Why Novell Embraced Open-Source
CEO Jack Messman is using Ximian's hacker culture to reinvent his software company.
(Business 2.0) – When Novell CEO Jack Messman decided to buy Ximian in 2003, speculation was rife about what the decades-old networking-software company, known for its NetWare operating system, wanted with the scrappy Linux startup. Ximian co-founder Nat Friedman, now a 27-year-old vice president at Novell, says the $15 million deal was done for "mojo"—Ximian's knowledge of open-source. After years of double-digit sales declines at Novell, Messman thought the company's culture was partly to blame. The meritocratic ways of open-source hackers could be a cure.
How's it working? Novell has adopted the new thinking, but it's not out of the woods. Though revenue grew 8 percent last quarter, Novell missed Wall Street estimates, for which Messman blamed weak demand for tech gear. Still, Friedman continues to work his mojo. "Novell now feels like a giant startup," he says. Here's how open-source fixed the company's three biggest problems.
PROBLEM: Novell coders were accustomed to face-to-face collaboration. The culture didn't encourage the sharing of code outside small groups, which led to duplicative efforts and incompatible products.
FIX: Post all code on an internal website and share design decisions via mailing lists and blogs. Friedman says the practice saves time: "I don't need status reports—I read their blogs."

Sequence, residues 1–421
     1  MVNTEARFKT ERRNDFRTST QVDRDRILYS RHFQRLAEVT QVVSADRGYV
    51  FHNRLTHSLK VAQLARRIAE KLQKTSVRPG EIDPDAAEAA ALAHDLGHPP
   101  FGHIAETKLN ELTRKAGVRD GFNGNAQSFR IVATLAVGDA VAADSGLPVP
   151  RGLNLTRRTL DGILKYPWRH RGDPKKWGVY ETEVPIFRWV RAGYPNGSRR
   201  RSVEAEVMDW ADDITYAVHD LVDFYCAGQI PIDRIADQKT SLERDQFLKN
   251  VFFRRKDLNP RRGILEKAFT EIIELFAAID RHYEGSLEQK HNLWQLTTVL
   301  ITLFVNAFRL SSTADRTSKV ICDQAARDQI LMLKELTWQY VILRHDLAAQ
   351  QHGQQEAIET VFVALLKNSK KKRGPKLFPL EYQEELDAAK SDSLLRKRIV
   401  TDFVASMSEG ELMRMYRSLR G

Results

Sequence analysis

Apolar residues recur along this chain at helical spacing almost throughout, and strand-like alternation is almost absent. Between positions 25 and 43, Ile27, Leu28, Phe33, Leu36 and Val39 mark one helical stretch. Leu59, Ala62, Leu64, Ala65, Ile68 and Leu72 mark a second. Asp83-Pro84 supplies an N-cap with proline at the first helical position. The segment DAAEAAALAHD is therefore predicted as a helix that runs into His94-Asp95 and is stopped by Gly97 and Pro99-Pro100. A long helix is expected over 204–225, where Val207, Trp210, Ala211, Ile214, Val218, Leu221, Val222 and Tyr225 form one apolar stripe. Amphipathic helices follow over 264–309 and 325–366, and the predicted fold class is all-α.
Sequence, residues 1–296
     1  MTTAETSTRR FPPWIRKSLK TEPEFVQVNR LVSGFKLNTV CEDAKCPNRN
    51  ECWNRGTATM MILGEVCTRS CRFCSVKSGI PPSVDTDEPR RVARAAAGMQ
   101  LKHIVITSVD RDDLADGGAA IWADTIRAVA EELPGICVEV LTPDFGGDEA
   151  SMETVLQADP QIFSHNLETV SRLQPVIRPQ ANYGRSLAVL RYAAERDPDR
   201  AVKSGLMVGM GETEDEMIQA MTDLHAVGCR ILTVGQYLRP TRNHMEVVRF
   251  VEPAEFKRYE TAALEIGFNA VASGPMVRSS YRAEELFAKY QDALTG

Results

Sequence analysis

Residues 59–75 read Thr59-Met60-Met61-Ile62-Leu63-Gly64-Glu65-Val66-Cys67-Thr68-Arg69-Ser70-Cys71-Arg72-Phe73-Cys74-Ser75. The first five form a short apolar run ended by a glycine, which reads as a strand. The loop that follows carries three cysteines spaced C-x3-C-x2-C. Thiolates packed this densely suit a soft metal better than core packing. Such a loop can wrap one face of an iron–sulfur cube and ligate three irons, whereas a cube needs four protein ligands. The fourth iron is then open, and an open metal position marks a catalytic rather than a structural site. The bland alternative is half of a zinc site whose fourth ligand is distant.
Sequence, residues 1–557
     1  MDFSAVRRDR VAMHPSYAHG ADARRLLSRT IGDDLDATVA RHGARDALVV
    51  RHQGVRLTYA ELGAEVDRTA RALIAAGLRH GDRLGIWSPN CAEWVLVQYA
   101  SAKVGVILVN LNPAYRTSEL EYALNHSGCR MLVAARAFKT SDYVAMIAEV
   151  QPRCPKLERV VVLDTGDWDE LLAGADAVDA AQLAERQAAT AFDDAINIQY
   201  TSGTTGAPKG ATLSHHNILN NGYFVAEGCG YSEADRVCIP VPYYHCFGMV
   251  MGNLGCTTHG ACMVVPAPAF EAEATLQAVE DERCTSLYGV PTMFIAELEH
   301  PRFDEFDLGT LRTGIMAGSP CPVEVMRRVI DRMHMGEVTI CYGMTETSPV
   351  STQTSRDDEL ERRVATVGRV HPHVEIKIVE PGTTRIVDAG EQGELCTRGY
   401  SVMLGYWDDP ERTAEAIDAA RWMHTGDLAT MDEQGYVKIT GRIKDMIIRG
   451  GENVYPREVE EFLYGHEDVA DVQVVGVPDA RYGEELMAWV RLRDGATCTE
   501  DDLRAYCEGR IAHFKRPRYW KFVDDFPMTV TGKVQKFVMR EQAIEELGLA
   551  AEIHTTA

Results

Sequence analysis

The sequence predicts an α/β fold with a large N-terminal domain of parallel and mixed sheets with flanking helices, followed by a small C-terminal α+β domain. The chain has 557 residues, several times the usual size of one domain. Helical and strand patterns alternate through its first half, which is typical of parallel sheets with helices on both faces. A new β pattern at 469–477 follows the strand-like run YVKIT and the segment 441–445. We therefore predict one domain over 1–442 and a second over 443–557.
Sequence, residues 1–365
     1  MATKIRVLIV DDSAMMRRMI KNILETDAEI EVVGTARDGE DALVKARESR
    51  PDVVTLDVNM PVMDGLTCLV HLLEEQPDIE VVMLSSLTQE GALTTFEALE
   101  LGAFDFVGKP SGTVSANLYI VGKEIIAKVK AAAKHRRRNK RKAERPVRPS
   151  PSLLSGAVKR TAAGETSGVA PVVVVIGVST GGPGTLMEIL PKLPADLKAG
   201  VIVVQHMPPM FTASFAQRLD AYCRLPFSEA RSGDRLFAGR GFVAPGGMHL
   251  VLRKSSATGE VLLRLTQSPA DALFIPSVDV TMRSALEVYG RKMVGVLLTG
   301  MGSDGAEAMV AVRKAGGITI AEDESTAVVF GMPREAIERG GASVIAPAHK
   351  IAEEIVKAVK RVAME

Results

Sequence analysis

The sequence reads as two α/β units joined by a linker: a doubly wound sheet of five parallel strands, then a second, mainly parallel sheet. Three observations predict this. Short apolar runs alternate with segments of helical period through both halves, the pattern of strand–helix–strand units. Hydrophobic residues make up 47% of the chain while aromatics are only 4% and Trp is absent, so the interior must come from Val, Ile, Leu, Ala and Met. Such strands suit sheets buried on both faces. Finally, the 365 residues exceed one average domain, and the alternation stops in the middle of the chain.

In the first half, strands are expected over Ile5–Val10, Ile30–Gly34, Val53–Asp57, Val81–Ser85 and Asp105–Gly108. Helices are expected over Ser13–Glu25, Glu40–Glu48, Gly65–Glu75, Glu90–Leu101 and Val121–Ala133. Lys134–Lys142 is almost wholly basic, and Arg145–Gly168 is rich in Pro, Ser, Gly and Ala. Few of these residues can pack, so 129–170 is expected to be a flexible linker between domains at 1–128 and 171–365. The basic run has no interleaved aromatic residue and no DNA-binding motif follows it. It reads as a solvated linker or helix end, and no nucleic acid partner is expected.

PROBLEM: Engineers were often reluctant to declare a product ready, which allowed them to add bells and whistles until the 11th hour—or later. That caused problems, since panicking customers were considering dumping NetWare for Linux or Microsoft Windows rather than waiting for the next version, expected to come out in late 2005.
FIX: In March, Novell announced that its next-generation Open Enterprise Server would work with both NetWare and Linux—and would ship by the end of the year. While it will lack some server-management features the engineers wanted to include, OES will still come out more than a year before Longhorn, Microsoft's next operating system.
PROBLEM: Novell's tin ear was legendary in the industry: Top engineers at the company had spent six years working on Modesto, a do-it-all 64-bit version of NetWare that never saw the light of day. Why? Novell hadn't bothered to ask customers if they wanted it.
FIX: When a company shares code, customers can provide rapid feedback. Some of those Modesto programmers are now working to make Linux even better at running data centers—a need for which there's clear demand. — OWEN THOMAS AND BRIAN CAULFIELD